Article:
By James Kirchick
Originally published by the Forward
When the self-described â€œpro-Israel, pro-peaceâ€ group J Street was founded over a year ago, many in the Jewish community predicted that it would have little to no influence in the shaping of American foreign policy. While American Jews are indeed overwhelmingly left-of-center in their political orientation, they also happen to hold rather hawkish views on Israel. A 2007 American Jewish Committee survey found that the overwhelming majority of American Jews believes that Israel â€œcannot achieve peace with a Hamas-led, Palestinian governmentâ€ and that â€œthe goal of the Arabs is not the return of occupied territories but rather the destruction of Israelâ€ â€” views sharply at odds with J Streetâ€™s support for engagement with Hamas and its tendency to accuse Israel of hindering the peace process.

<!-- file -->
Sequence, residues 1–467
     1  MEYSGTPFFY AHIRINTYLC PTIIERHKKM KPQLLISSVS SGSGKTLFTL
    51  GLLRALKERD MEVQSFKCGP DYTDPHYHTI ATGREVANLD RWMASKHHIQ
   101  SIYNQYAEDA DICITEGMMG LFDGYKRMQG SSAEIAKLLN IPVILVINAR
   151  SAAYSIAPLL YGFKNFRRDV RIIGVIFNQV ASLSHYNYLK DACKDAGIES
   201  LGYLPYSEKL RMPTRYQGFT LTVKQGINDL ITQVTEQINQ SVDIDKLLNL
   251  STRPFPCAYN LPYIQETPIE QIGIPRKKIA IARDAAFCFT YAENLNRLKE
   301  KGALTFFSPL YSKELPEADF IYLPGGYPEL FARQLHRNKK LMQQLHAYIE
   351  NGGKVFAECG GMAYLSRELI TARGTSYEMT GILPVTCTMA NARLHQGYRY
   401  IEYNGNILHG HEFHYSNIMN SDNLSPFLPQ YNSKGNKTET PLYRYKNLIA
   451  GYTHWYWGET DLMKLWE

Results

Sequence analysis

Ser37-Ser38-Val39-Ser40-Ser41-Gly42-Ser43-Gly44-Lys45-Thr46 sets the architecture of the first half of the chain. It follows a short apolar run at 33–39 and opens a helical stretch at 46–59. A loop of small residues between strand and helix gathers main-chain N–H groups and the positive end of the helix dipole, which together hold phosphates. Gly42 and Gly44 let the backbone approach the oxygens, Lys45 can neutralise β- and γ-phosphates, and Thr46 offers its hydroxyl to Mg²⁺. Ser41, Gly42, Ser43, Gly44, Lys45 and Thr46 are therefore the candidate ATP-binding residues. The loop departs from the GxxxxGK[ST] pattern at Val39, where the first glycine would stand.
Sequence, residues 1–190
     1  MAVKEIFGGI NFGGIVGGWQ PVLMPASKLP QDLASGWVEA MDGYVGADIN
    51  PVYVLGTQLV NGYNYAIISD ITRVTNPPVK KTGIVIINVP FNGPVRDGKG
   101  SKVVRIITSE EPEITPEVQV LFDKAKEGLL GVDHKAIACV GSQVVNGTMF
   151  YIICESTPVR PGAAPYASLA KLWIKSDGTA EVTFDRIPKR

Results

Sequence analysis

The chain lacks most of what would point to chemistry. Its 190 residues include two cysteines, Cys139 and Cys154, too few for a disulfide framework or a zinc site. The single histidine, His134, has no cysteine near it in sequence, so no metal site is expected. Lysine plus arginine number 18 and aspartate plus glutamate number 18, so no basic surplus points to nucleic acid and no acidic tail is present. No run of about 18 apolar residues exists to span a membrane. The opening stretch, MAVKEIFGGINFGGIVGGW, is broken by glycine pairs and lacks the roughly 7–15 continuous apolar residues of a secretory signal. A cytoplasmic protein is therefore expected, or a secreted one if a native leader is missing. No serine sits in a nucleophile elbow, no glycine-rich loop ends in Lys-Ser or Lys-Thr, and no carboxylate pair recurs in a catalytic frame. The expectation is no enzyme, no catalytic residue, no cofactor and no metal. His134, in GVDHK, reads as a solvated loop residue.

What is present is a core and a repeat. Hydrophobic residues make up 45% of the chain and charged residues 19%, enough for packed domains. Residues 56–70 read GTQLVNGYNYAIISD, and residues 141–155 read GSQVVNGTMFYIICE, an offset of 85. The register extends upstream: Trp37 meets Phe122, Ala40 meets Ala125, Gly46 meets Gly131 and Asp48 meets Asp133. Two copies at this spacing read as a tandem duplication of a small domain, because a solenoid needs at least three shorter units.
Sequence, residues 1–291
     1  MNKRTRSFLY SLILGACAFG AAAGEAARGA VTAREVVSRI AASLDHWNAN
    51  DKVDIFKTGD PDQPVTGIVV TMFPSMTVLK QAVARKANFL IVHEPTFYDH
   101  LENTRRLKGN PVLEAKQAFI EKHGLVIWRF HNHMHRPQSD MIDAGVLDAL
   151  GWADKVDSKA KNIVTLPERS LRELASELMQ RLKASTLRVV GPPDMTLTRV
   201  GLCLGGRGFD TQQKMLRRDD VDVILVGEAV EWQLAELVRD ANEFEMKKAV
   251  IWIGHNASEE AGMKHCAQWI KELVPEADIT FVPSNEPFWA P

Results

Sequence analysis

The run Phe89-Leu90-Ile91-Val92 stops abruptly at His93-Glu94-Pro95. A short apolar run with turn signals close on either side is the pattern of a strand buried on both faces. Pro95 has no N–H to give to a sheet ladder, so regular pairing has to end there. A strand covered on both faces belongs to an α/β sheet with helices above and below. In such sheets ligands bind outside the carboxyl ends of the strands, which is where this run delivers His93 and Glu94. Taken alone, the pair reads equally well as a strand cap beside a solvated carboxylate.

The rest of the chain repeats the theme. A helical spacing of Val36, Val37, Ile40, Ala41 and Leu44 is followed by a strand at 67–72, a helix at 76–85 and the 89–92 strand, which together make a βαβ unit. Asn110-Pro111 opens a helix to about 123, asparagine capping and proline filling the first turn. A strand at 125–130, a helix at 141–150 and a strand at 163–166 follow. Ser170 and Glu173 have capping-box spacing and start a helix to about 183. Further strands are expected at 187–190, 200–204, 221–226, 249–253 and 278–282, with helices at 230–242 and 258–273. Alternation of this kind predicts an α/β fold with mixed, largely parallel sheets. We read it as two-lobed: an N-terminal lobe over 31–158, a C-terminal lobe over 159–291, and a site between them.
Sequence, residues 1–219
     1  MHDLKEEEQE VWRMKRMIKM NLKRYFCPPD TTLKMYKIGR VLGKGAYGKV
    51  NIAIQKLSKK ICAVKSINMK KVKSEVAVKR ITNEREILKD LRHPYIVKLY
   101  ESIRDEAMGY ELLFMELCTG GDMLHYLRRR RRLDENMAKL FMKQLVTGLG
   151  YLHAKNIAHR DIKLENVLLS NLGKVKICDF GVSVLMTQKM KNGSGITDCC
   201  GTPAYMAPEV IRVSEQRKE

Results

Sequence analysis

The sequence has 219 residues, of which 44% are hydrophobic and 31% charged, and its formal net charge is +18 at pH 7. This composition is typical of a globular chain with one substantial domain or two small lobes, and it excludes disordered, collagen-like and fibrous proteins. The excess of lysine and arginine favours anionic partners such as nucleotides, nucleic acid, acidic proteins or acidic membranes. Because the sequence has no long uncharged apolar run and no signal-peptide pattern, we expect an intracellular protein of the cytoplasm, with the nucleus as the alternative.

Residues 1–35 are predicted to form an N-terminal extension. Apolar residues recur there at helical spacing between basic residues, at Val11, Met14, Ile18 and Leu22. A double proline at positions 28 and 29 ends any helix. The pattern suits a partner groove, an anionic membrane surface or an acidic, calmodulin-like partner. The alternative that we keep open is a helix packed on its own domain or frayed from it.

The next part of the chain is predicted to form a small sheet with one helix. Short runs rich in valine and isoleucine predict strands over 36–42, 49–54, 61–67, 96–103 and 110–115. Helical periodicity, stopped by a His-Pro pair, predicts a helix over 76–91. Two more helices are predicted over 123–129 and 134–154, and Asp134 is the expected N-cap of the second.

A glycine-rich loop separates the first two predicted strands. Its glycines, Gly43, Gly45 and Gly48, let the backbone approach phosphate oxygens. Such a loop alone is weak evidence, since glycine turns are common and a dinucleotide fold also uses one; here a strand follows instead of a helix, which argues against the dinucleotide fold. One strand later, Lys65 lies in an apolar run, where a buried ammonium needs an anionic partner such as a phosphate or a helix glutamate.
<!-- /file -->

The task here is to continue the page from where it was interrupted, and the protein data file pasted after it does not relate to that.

J Streetâ€™s moral relativism was on full display in its reaction to last yearâ€™s Operation Cast Lead. None other than Rabbi Eric Yoffie, head of the Reform movement and one of Americaâ€™s most prominent liberal Jewish leaders, admonished the organization in these very pages, describing its denunciation of Israelâ€™s military operation against Hamas as â€œvery wrongâ€ and â€œdeeply distressing.â€ Despite its claims, J Street does not represent mainstream Jewish opinion in this country, let alone in Israel, where the Jewish population was nearly unanimous in its support for Cast Lead. Yet notwithstanding the Jewish communityâ€™s rejection of J Streetâ€™s vision, the organization seems to have garnered the support of the most important constituency of all: the Obama administration.
Read the rest of this piece in the Forward.